What is the immune system and what is its function?
The immune system describes the body’s natural organisation and activity of bodily cells to defend against infection and invasion of foreign pathogens (microorganisms that cause disease). The immune system enables the body to recognise invading cells whilst avoiding damaging the body’s own cells (avoiding autoimmunity). Without the essential function of the immune system, we would be vulnerable to even the most mild infection and consequently struggle to survive. The immune system consists of two types of immune response; the innate response and adaptive response.
Physical barriers such as the skin and mucous membranes are the first line of non-specific defence in the body; protecting and removing debris that threaten internal harm. The innate response activates first following an internal threat of infection. It involves the activity of specialised cells (e.g. macrophages, monocytes, neutrophils), each effective at releasing anti-inflammatory cell mediators (e.g. basophils, cytokines and mast cells) to target and destroy pathogens. The adaptive response is triggered by the innate response. It involves the role of lymphocytes which are specialised white blood cells; they can be further differentiated into B cells and T cells. B cells initiate the ‘antibody response’ and T cells initiate the ‘cell-mediated immune response’. The names ‘B cell’ and ‘T cell’ are derived as an abbreviation of the sites of maturation which is the bone marrow and the Thymus gland, respectively.
The two responses of adaptive immunity
Adaptive immunity is comprised of the ‘antibody response’ and ‘cell-mediated response’, which together help to attenuate an infection and safeguard against future invasion of the same pathogen or virus. This is achieved by the memory component of adaptive immunity.
The initial exposure of an antigen forms the ‘primary response’ from the body where the innate response activates but the adaptive response delays slightly whilst antigen responsive B cells identify and organise. With a secondary exposure to an infection, the antigen is recognised and the antibody release is rapid and extensive, the effectiveness of the immune system is considerably greater and the recurring infection may be even eradicated without experiencing symptoms.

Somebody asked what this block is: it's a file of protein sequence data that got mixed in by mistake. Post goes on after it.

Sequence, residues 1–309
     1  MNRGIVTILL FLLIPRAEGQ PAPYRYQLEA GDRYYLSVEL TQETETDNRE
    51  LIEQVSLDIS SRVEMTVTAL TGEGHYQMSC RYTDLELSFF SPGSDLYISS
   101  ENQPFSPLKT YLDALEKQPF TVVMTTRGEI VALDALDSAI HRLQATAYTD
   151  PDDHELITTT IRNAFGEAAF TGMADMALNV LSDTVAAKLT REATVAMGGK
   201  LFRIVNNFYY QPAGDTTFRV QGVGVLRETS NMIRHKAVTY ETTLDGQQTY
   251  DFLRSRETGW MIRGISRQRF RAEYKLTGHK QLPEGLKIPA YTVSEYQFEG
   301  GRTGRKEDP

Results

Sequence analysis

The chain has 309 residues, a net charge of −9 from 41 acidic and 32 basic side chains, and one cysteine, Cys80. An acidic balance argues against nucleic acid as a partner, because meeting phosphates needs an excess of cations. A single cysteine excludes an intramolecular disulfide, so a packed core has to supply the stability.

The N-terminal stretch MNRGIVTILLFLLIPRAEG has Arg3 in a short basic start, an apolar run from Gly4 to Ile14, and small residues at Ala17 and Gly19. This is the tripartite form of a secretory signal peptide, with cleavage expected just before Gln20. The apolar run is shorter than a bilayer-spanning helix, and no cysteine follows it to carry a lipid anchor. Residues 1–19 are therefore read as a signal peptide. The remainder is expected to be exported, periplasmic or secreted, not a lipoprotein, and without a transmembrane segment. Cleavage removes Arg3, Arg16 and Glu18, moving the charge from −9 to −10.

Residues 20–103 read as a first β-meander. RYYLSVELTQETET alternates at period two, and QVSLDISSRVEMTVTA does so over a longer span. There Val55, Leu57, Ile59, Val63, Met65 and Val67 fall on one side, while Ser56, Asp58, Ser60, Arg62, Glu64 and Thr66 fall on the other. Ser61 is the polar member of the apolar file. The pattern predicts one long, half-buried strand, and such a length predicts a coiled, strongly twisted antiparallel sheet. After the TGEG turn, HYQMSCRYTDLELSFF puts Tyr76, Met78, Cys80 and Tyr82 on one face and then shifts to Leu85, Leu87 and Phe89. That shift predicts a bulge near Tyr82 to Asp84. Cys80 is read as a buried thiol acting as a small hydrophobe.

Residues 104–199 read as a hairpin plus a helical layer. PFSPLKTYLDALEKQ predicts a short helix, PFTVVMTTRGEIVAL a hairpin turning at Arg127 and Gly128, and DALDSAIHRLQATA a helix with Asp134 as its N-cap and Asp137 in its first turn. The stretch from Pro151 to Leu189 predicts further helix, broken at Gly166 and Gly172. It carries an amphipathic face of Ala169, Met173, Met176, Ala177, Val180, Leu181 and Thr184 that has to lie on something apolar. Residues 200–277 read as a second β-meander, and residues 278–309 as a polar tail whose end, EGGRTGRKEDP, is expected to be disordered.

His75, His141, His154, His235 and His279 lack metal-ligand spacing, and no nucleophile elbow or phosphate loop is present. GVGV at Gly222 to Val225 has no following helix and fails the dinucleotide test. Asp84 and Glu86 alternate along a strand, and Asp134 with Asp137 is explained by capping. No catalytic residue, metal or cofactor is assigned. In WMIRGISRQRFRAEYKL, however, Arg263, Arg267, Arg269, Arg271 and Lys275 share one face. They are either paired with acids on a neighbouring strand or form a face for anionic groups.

1. The antibody response
The ‘antibody response’ involves the release of antibodies from B cells, they bind to antigens (the cell component of the pathogen responsible for triggering the immune response) of invading pathogens and prevent them from invading hosts cells, they also flag them to be destroyed by cells of the innate immune response. Memory B cells are created in response to the antigen, they recognise the invading antigen for future activation to improve the efficiency of the immune response when exposed to the same antige. Certain vaccinations work on this premise, whereby, a diluted dose of a particular pathogen is injected into the body so that antibodies can encounter the antigens and ensure an effective immune response in the future.
2. The cell-mediated response
The ‘cell-mediated immune response’ does not involve antibodies, T cells offer a range of functions to attenuate the infection. ‘Killer T cells’ directly seek foreign antigens and destroy the pathogens due to their cytotoxic capability. Regulatory T cells (suppressor T cells) are another type of differentiated T cell, they are essential in identifying which cells are foreign pathogens and which are the body’s own cells, they help to coordinate the adaptive immune response. T cells also signal innate cells (such as macrophages) to seek, engulf and destroy pathogens.